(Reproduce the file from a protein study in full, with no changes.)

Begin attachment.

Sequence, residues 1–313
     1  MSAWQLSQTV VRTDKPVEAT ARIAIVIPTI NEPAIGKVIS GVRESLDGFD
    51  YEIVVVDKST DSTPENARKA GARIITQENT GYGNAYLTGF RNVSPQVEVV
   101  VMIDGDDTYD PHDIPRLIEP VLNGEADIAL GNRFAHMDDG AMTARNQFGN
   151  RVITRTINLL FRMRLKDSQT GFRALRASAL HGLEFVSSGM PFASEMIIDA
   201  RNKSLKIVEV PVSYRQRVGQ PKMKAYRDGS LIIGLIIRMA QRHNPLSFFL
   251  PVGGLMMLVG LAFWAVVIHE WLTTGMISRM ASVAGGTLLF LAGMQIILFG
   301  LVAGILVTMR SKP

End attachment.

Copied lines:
Sequence, residues 1–313
     1  MSAWQLSQTV VRTDKPVEAT ARIAIVIPTI NEPAIGKVIS GVRESLDGFD
    51  YEIVVVDKST DSTPENARKA GARIITQENT GYGNAYLTGF RNVSPQVEVV
   101  VMIDGDDTYD PHDIPRLIEP VLNGEADIAL GNRFAHMDDG AMTARNQFGN
   151  RVITRTINLL FRMRLKDSQT GFRALRASAL HGLEFVSSGM PFASEMIIDA
   201  RNKSLKIVEV PVSYRQRVGQ PKMKAYRDGS LIIGLIIRMA QRHNPLSFFL
   251  PVGGLMMLVG LAFWAVVIHE WLTTGMISRM ASVAGGTLLF LAGMQIILFG
   301  LVAGILVTMR SKP